UCSC Arboretum holds the most eucalyptus species anywhere outside of Australia

Matt Ritter climbs to examine flowers in the eucalyptus grove at the Arboretum. Photo by Jenn Yost.

A new survey has determined that the UC Santa Cruz Arboretum's collection of eucalyptus trees and shrubs is the most diverse anywhere outside of Australia. The finding is the result of an inventory conducted this summer by Matt Ritter, a visiting scholar at the Arboretum. Ritter is assistant professor of biological sciences at California Polytechnic State University, San Luis Obispo, and director of the Cal Poly Plant Conservatory.

Initial investigations led Ritter to declare the UCSC eucalyptus collection the largest in California, but he upgraded his assessment as he continued his work cataloging the collection. The project led him 100 feet into the air to sample leaves and flowers from towering eucalyptus trees. At first he worked from a cherry-picker truck, but when the lift topped out short of the lowest branches on some trees, Ritter and Cal Poly graduate student Jenn Yost turned to ropes and harnesses.

For most Californians, the word eucalyptus brings to mind the hulking blue gum trees that line many coastal highways. But more than 300 other species have been introduced to the state, Ritter said. About 100 of those grow in the UCSC Arboretum, and some species don't grow anywhere else in the state, he added.

Highlights of the Arboretum collection, Ritter said, include the oldest spinning gum in the state and two karri trees that, at nearly 200 feet high, are likely the tallest in the state. A whipstick mallee ash is probably the only tree of its kind in California, he said. This information is from a forthcoming article by Ritter in the Bulletin of the UCSC Arboretum Associates.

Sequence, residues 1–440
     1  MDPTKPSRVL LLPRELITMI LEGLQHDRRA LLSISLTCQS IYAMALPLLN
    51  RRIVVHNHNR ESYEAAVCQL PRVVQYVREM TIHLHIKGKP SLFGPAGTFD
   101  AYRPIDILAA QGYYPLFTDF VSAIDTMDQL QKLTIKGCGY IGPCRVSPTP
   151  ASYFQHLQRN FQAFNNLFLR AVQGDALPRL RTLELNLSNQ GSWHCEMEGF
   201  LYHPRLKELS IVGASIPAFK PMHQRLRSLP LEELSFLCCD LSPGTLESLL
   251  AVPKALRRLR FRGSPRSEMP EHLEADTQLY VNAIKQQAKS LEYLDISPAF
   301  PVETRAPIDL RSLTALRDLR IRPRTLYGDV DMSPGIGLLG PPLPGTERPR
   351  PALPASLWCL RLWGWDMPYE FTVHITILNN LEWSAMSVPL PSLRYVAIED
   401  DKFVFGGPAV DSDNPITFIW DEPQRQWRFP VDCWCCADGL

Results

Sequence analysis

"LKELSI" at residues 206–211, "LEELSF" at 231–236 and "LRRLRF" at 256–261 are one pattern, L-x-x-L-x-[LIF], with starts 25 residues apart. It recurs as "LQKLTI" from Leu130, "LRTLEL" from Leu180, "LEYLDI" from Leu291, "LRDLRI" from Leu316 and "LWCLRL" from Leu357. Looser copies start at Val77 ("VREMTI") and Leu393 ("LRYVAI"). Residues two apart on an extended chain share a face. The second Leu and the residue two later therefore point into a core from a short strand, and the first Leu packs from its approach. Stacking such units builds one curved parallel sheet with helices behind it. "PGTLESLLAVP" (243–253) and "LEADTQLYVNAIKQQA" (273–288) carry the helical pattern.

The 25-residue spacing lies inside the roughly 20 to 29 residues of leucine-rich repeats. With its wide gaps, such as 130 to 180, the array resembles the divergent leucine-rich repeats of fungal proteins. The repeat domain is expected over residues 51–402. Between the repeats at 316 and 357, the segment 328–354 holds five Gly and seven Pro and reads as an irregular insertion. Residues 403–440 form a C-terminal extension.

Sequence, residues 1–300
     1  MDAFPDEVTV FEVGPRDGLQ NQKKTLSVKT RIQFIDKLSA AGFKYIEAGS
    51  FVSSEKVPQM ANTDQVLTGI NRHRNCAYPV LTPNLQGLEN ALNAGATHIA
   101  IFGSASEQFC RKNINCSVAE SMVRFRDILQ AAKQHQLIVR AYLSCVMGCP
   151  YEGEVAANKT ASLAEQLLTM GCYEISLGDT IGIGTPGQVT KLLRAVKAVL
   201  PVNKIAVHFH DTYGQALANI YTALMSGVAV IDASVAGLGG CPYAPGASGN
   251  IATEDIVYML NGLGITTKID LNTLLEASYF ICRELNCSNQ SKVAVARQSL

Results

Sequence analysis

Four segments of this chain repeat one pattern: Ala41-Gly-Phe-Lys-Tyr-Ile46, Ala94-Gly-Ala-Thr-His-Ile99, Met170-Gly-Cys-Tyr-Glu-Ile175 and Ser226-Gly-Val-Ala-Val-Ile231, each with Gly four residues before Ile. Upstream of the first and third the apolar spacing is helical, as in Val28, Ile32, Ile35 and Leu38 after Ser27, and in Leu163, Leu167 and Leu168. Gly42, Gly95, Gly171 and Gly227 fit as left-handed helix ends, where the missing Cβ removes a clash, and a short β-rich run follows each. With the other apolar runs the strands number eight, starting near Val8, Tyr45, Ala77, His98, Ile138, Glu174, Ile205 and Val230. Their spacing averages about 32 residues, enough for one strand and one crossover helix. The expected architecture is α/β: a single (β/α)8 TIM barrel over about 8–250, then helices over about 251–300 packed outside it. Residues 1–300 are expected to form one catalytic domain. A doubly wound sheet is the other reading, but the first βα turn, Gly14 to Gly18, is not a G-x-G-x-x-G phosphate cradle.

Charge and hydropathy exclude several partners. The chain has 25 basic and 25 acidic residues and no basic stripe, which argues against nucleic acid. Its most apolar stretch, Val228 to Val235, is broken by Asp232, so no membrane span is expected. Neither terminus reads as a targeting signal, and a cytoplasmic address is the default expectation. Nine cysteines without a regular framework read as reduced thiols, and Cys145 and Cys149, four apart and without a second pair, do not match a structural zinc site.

When it comes to eucalyptus, the UCSC Arboretum's closest competitors are botanical gardens in the Los Angeles area and at UC Davis, Ritter said. California's climate, which closely matches that of the trees' home range in Australia, is the key to their success here. In many other parts of the world, the trees just can't handle the weather.

Some eucalyptus species--notably the blue gums--have become pests that crowd out native California vegetation, said Stephen McCabe, director of education at the Arboretum. During his time at the Arboretum, Ritter examined which eucalyptus species are capable of reproducing in California, as a way to investigate which of them might become pests. Ritter identified 10 species whose seeds had begun to grow in the grove and which might be better left out of other California nurseries, McCabe said.

Over the next few months, Ritter plans to install larger labels throughout the collection and to plant appropriate understory plants. When he's finished, he hopes the eucalyptus grove will provide visitors an authentic Australian forest experience.

The Arboretum's eucalyptus collection was started by UCSC's first chancellor, Dean McHenry. Chosen from 80 species donated by Max Watson, the first plantings were made in summer 1965 by forestry students from Cabrillo College as UCSC prepared for its first year of operation. By 1970, the eucalyptus collection tallied 160 trees of 56 varieties.

The Arboretum is already known for having the largest assemblage of Australian plants outside of Australia. The Arboretum's collections of other, slightly more obscure plant groups may also be unrivaled outside of Australia, including the Arboretum's more than 150 Grevillea and 40 Banksia species.

Ritter's work builds on that of a previous researcher, Grace Heinz, who was sponsored in her work by Donald and Diane Cooley. Additional species have been collected since Heinz's work at the grove in the 1970s.

The Arboretum is located off High Street in Santa Cruz. It is open 9 a.m. to 5 p.m. daily and can be reached at (831) 427-2998. The gift shop is open from 10 a.m. to 4 p.m. daily. For additional information, see the Arboretum web site.